When you consider what is 'easy', ask what 'ease' actually means. Does it mean not having to build templates? Not having to manage subscribers yourself? Not having to think about ways to monetize? Is it something that effortlessly publishers to email and internet all at once (ahem, all newsletter options do this)? Is it simply not having to be hands-on, on your own website?

Critically, ask whether ease is more important than ownership, protection from other companies' shifting Ts and Cs, your own bank account, or your own values.

Living a mindful life, with values that matter, is at the heart of coherent living. If you are to interrogate the software platforms that you use, you'll often find that:

  1. You're spending way too much money to do what you're doing.
  2. Many of them are unethical, or have shifting sands of obscured editorial process (or don't even recognise that they are publishers rather than platforms).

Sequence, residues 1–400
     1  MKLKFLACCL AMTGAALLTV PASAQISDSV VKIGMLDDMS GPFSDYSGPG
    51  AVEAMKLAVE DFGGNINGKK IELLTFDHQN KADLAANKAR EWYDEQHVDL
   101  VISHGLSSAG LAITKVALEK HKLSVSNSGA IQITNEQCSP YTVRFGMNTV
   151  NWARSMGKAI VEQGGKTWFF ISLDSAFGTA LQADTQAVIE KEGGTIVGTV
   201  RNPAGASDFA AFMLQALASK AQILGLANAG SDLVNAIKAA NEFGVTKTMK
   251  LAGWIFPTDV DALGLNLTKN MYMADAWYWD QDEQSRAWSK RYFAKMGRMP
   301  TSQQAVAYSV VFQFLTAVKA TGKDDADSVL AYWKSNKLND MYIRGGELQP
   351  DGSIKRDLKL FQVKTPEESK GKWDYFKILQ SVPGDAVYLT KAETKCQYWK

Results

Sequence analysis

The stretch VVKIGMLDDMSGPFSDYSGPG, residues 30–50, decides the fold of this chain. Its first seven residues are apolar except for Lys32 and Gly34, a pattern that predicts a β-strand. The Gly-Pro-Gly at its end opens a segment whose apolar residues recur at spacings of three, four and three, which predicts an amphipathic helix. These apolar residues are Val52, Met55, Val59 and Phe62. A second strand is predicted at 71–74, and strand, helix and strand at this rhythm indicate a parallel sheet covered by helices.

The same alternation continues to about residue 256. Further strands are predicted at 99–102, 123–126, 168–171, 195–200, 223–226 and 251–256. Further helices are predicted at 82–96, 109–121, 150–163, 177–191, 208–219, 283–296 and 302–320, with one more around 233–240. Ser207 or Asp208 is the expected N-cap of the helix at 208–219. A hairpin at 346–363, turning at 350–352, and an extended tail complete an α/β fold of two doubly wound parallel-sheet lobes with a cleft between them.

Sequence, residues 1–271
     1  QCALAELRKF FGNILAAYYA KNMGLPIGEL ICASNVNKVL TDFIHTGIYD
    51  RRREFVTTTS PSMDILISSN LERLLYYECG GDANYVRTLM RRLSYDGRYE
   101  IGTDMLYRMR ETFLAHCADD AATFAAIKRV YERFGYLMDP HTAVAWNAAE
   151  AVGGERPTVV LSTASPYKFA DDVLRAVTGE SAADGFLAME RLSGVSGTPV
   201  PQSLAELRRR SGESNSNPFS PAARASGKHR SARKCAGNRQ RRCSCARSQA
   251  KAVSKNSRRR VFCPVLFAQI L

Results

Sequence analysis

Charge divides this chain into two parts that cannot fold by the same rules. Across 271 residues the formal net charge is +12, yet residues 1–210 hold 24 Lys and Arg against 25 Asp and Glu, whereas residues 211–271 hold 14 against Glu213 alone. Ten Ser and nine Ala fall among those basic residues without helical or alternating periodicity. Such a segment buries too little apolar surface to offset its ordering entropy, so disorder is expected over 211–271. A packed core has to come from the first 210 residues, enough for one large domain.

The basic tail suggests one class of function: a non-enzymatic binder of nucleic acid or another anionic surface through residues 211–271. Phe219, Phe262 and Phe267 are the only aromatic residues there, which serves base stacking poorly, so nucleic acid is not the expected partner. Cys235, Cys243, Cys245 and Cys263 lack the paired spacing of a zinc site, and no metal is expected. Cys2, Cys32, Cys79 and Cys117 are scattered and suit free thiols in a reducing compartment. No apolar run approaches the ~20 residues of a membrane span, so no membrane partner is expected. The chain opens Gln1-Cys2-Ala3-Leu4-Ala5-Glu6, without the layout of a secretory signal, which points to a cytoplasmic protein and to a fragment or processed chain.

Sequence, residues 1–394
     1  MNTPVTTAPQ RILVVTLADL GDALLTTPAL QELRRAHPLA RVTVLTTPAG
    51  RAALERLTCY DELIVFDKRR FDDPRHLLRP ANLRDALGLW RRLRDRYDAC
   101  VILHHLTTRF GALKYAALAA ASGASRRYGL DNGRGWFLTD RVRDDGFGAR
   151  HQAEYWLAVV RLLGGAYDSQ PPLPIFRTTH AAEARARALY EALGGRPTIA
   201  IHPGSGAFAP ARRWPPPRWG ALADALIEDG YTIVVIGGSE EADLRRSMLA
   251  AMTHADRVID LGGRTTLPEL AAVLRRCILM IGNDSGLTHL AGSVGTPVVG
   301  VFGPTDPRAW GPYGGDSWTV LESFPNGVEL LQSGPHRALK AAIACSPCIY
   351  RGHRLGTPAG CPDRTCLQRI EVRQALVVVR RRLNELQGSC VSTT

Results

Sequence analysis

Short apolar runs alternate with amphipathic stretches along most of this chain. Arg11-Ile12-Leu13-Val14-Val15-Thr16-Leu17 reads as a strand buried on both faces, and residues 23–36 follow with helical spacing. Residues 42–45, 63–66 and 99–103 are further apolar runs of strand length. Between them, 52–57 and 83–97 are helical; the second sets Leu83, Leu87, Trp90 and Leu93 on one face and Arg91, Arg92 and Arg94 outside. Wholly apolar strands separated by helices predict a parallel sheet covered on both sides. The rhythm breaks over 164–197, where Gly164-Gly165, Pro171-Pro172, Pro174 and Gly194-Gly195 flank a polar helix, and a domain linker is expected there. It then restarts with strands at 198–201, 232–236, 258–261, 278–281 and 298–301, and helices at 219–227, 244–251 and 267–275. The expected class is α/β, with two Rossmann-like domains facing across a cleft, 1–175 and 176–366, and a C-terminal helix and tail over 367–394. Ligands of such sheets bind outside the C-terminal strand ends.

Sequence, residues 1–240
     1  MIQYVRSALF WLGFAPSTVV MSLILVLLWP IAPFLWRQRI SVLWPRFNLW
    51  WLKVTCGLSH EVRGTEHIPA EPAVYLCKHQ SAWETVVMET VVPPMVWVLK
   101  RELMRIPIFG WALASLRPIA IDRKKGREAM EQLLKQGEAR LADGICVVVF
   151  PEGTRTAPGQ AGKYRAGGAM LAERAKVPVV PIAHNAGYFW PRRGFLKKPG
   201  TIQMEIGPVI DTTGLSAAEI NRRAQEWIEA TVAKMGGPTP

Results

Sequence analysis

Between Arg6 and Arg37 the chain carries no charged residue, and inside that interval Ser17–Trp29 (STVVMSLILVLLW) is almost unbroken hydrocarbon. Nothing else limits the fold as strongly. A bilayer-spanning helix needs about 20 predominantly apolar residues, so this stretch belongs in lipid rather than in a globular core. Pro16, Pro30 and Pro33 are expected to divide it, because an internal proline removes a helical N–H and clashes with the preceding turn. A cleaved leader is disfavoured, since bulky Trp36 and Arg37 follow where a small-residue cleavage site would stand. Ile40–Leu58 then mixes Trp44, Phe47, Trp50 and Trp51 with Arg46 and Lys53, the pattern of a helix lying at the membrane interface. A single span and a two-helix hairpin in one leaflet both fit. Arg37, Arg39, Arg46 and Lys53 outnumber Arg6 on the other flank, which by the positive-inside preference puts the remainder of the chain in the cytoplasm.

3. There are beautiful alternatives that give you full ownership, rescue you from the wilds of The Current Thing, and improve your own search engine rankings.

People say blogs are done, but I disagree.

Just as I disagree that books are finished, I also disagree that blogging is finished. It's a refrain sung by people who support different both SaaS and other formats. The truth is that blogging is still a fundamental method of improving your website's visibility. If you're going to self-publish, for goodness' sake at least publish on your own domain. Use it to level up your visibility. Publishing on others' platforms will give you backlinks, sure. But they're not useful backlinks, like publishing in traditional media can be (or appearing on other people's podcasts). Know your enemy, and apply your attention and effort appropriately.

Luckily, Substack isn't proprietary, in the sense that it allows you to export everything, from posts to subscribers. Which, {name}, is how you came to be here. :)

Circling back to the quote that opened today's letter, then:

My apologies if I've opened a can of worms for you. Some things you are better off not knowing; but this is not one of them.


xx Leticia Mooney

PS. Go here if you'd prefer snail mail.

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Leticia Mooney
PO Box 1190, Pasadena SA 5042. Australia.